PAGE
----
Newb question

Thanks in advance for any advice.

  1. I am 63yo 6’1" 275lbs looking to get some exercise and fun.
  2. I have done some sit on top kayaking in Hawaii (Rotomold) and found them fat, heavy and clunky. I am not interested in fast water. I am looking at lakes, large rivers and, after a class, maybe ocean.
  3. I think I would like a sea/touring kayak but none of the rental places rent that kind.
  4. I would like to buy used, at least until I know I will like it.
  5. What do you think about this? it has a big gel coat repair but for a first boat I guess it doesn’t matter if it’s really just cosmetic.

Any tips for my size/age/skill would be great, thanks.

If you are within driving distance, go check it out. The Solstice is a nice kayak but you are going to need to minimally sit in any boat you plan to buy to see if it fits. Obviously, paddling the boat would be better still. The gel coat repair should be of no consequence.

The Solstice is a terrific kayak and its design and size would seem perfect for you. Once you pick up some paddling skills that boat will take you anywhere you could ever want to go. And I agree that a gel coat repair isn’t an issue.

As @pblanc says though, you should go try it out - or at least sit in it - if you possibly can.

I can’t help but agree about the solstice. It’s always been a good design and is smooth and fun in the water. If the boat is in good shape, and within budget, it would be a great first boat for someone your size.

The only concerns are, really, it’s condition and if it “fits” your paddling personality. You’ve already experienced what wide stable (slow) boats are like and didn’t like that, which suggests that solstice will fit your personality better. It may feel tippy at first, but you will quickly learn to keep your body (knees, bottom) in contact with the boat and how to use your center of gravity to keep the boat in balance.

Still, there is a bit to learn about boat handling and finding a club, class, knowledgeable paddling partner, etc. can do a lot to speed up the learning process.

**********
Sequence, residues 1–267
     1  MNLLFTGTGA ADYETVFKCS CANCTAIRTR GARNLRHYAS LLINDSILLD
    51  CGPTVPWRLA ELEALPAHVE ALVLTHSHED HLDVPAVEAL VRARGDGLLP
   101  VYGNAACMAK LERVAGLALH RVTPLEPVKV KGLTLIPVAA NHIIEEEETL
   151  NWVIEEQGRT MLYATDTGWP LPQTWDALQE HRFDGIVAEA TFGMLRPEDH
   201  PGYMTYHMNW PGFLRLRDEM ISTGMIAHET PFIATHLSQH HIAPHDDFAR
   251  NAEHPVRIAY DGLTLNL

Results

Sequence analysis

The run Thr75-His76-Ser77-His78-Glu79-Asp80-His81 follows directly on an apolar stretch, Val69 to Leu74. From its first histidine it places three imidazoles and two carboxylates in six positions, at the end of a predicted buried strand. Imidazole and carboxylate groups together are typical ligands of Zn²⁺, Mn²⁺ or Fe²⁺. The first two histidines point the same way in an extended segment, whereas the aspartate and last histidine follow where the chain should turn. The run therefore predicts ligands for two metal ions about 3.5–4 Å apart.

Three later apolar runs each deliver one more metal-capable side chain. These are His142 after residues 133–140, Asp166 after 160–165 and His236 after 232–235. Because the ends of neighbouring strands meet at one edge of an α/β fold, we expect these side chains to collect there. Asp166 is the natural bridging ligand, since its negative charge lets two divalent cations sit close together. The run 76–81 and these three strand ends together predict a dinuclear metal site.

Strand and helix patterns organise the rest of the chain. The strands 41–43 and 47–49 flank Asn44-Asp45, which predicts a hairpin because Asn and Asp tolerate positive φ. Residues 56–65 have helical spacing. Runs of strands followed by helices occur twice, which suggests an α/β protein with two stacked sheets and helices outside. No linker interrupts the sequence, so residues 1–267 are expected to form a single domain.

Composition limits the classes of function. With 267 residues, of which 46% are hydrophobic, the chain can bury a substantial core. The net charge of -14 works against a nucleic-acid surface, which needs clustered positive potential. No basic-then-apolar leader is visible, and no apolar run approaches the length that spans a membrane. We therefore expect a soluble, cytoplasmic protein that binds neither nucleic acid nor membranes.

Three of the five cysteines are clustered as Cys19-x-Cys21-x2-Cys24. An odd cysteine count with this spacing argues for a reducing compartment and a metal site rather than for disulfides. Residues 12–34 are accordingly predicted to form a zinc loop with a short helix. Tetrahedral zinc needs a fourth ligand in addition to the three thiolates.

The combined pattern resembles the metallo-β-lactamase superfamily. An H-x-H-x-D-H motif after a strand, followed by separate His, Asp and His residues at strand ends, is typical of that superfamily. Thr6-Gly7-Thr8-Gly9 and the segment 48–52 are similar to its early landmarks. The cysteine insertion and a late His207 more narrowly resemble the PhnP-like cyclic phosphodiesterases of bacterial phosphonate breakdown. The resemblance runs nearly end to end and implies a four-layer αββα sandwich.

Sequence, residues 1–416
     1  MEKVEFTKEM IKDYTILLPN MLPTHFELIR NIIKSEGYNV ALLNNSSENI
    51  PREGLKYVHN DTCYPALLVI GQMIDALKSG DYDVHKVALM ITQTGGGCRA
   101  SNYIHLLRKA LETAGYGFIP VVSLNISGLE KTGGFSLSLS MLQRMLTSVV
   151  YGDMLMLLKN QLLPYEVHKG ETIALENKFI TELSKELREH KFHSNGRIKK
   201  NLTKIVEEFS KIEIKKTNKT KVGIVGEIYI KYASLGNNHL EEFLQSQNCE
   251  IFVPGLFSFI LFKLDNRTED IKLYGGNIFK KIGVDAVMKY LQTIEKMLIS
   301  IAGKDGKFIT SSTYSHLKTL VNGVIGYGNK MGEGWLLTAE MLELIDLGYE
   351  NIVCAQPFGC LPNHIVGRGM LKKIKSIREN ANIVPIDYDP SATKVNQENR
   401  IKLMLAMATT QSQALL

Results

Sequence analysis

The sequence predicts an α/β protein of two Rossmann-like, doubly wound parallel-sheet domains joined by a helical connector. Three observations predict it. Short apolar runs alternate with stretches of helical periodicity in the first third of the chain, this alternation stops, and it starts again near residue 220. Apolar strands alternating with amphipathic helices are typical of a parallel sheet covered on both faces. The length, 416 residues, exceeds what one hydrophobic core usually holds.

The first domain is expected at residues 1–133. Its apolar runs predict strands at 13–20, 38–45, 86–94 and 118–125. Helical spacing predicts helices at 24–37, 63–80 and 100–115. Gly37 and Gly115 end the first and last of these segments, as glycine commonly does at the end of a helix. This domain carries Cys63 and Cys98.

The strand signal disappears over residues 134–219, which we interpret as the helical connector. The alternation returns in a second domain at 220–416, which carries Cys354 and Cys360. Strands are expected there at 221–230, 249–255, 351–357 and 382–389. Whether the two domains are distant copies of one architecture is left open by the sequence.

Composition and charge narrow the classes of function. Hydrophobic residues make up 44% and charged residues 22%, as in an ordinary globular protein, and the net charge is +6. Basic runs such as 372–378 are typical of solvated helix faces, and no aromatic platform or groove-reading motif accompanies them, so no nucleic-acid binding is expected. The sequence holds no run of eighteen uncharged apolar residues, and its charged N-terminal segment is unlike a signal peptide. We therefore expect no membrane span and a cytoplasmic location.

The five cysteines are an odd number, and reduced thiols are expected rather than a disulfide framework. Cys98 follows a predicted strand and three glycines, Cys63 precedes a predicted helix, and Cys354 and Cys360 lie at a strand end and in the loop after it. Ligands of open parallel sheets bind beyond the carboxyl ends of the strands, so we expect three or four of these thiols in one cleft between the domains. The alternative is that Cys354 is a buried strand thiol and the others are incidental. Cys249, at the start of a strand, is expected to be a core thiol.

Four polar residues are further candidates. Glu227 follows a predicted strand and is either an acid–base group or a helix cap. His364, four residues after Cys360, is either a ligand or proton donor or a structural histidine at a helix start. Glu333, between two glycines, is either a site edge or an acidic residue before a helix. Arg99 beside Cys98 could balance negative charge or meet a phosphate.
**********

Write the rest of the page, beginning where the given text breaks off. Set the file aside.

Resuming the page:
I’m guessing that you are located somewhere in the Portland area, or at least within driving distance. If that is so, there are a ton of used boats, so I wouldn’t jump at the first one. If you are able to, you should go take a look at what Alder Creek has for used boats and the same for Portland Kayak Company and Next Adventure.

You are a pretty big guy, so you are going to be quit snug in a lot of boats–depending on where you carry your weight. There are some very nice boats that are made to fit large people, but finding one used might be a challenge. I wouldn’t rule out a sit on top if you find cockpits too tight.

@Dave Kingman said:
3. I think I would like a sea/touring kayak but none of the rental places rent that kind.

5. What do you think about this? it has a big gel coat repair but for a first boat I guess it doesn’t matter if it’s really just cosmetic.

You are looking at a used boat in Portland area, so presumably you are decently close to there? The shops in Portland (Alder Creek, Portland Kayak, Next Adventures, etc) do rent/demo touring kayaks.

Better yet, I would suggest you sign up for a day long intro to sea kayak class from any of these shops before you buy a kayak. There is a lot about kayaking that is not intuitive which the class will cover. Plus they should cover what to loo for in a kayak and how to buy one (if they don’t have that as content, use the time to ask questions). And consider it also demo time in a kayak, as they will find a kayak or two that fit you and you get to try them out as part of the class. Well worth the $100 or so it costs for the class.

Taking a class is probably good advice. Classes here in Eugene are limited.

I agree that the Solstice is a great hull, big enough for you and would probably suit you well - I say go for it, as it is not that much money. Buy a really good light paddle if the one it comes with is heavy. A great paddle will last for years and make you happy.

I’m going to disagree a little with the caution statements above - you could feasibly buy the Solstice and paddle it into the fall and really find out whether you like it. If you like it, then you got a great deal. If you don’t, you could probably sell it for what you paid while learning a lot about what you want, meanwhile enjoying a long-term free rental. This will tell you far more than a one-day demo — finding out what you want takes a lot of hours in many types of weather and paddling conditions. Going through a series of used boats is a lot of fun, in my opinion. Taking an intro class is definitely worth it, and you could do it in the Solstice or a loaner.